Are the numbers from our “Q2 Musical Chairs Report” trends, or the result of "one offs" like Westpac’s move out of licensee land and the associated move of many of these advisers to Viridian. We can reveal here that Westpac contributed only around 10% of total ceased adviser numbers for the quarter. Viridian did not even make the top 10 of licensees with most adviser additions for the quarter. The changes and trends are industry wide, rather than the result of one particular occurrence.
Our musical chairs reporting for Q2 has generated quite a bit of commentary across industry media organisations, with the headlines concentrating on the drop in total adviser numbers of 6.4% in the quarter, and over 10% since the start of the year.
The much quoted findings from our report were:
“There have been 2,825 ceased advisers in the first half of 2019, representing a decline of nearly 11% from the peak at the beginning of this year. This is consistent with the prediction of Adviser Ratings 2018 landscape report; the number of financial advisers is shrinking, with limited new entrants and a constant trend of leaving advisers. We would expect this trend to continue, particularly in the short term prior to larger numbers of new entrants, but also in the medium term. We anticipate a higher than average number of ceased advisers over the next few years as more and more advisers “bite the bullet” and call time on their advising careers leading up to 2024”
We have also written about the spike seen in ceased advisers’ numbers for June. Several commentators inferred that the large numbers of ceased advisers for June 2019 was the result of Westpac/BT ceasing to provide financial advice:
"Wouldn't the June outlier mainly be because Westpac ceased operating? Sure some found a new home but a lot of others probably haven't."
"Yes the June outlier is due to WBC / BT ceasing to provide financial advice. I expect July and August will have some of these added back as advisers find a new home
"Are the stats skewed by the Westpac move of advisers to Viridian during the quarter? Potentially a big one-off move doesn't make a trend."
It should be clear from the chart that there was an increase in ceased advisers between Q1 and Q2. People are right to question the impact of large “one off” events such as large operators shutting down and well publicised “chunks” of advisers moving between licensees (eg Westpac to Viridian) and how that might skew numbers.
Potentially a little more information may help clarify these movements.
Our second chart shows the net adviser number changes for licensees with most additions and reductions of advisers during Q2. It included both ceased and “switched out” advisers (ie those advisers who have moved from one licensee to another in Q2). We can see that Westpac had a reduction of just over 200 advisers for the whole quarter. So even if all of these Westpac advisers ceased in June, there would still be 800 other advisers ceasing in June – making it far and away the biggest month for adviser cessation this year. So Westpac movements did contribute to the spike in June – but certainly were not the only reason for the spike.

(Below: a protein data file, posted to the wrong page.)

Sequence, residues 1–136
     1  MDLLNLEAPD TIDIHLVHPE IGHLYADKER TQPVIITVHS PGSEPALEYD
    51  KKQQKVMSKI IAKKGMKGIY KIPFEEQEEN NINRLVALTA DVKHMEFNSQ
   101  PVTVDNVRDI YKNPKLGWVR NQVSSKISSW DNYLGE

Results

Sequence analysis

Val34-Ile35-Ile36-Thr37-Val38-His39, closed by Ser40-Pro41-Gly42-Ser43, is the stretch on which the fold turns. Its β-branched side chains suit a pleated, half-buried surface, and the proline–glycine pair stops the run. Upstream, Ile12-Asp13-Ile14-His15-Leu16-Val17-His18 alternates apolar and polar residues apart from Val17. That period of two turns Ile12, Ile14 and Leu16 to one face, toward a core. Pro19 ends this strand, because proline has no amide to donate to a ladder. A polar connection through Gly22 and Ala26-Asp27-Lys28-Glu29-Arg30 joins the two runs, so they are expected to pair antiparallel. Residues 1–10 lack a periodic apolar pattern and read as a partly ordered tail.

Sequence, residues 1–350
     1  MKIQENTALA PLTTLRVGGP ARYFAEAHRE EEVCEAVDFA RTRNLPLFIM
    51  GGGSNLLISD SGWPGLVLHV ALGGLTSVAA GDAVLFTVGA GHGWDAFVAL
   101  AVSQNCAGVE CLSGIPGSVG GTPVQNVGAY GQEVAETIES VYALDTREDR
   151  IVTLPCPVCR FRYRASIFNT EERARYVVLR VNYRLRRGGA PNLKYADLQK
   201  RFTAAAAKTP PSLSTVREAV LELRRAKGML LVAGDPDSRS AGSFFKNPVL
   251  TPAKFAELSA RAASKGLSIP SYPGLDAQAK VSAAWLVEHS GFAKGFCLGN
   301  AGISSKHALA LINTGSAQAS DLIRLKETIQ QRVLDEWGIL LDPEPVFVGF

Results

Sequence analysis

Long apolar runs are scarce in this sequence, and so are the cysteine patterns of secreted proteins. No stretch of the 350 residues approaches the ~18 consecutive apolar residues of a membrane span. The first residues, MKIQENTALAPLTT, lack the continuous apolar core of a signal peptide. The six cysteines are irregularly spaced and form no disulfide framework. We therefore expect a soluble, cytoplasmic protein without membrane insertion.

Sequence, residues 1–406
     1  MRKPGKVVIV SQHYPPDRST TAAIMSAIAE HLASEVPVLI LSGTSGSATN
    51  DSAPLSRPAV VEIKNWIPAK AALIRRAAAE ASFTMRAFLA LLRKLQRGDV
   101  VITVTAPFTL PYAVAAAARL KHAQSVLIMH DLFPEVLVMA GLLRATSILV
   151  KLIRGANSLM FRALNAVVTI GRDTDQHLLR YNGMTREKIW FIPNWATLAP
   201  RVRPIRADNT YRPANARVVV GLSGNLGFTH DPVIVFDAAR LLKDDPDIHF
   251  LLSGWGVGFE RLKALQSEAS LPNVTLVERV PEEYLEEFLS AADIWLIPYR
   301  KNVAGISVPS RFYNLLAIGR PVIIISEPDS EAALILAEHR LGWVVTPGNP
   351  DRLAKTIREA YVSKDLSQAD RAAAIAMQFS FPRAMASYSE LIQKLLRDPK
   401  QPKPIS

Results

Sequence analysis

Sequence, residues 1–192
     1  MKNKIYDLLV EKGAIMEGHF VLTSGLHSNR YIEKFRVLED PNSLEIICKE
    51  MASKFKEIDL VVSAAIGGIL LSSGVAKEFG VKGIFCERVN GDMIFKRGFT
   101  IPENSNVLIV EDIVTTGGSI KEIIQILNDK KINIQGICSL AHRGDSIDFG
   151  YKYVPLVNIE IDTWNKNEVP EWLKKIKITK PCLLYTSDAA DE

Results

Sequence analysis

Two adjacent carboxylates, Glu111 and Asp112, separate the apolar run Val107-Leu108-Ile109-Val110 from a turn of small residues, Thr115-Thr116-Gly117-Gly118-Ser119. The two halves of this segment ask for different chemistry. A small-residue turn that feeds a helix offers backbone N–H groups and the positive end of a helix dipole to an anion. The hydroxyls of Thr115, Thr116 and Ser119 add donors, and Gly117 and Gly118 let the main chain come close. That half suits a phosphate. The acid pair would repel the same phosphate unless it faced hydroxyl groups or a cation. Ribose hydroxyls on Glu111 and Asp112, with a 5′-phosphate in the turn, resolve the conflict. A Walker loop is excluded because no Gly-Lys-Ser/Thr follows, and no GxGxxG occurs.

Q2 saw 201 Westpac advisers become ceased and 11 switching into new licensees. The data does in fact indicate that a large proportion of these ceased Westpac advisers were listed in the last couple of weeks of the quarter, and the fact that only 11 advisers “switched” into new licensees, indicates the change to Viridian of many advisers did not actually happen in Q2. This means the “move to Viridian” could not have “skewed” the “switching to privates” figures (because this move is not included in the switching data for Q2).
In net terms, Viridian actually decreased by 2 advisers in Q2, and as such it does not make the list of licensees with the most added advisers in Q2. In terms of the trend towards privates, we can see from our second chart, the largest licensee reductions are coming form institutional licensees, and the entire list of licensees adding the most advisers is made up of privately-owned licensees. There is certainly an established trend of advisers migrating to privately owned licensees and a potential emerging trend of an increase in adviser cessation across the board. The “Westpac numbers” contribute to these trends, but they are not the sole driving force.